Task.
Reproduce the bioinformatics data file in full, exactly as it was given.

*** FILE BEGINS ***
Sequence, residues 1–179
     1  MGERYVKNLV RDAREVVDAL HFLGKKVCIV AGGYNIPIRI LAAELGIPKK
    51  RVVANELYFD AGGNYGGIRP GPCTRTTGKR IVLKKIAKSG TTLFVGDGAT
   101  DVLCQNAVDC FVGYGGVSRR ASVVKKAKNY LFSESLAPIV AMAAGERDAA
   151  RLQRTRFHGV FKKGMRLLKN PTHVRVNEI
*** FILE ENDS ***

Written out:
Sequence, residues 1–179
     1  MGERYVKNLV RDAREVVDAL HFLGKKVCIV AGGYNIPIRI LAAELGIPKK
    51  RVVANELYFD AGGNYGGIRP GPCTRTTGKR IVLKKIAKSG TTLFVGDGAT
   101  DVLCQNAVDC FVGYGGVSRR ASVVKKAKNY LFSESLAPIV AMAAGERDAA
   151  RLQRTRFHGV FKKGMRLLKN PTHVRVNEI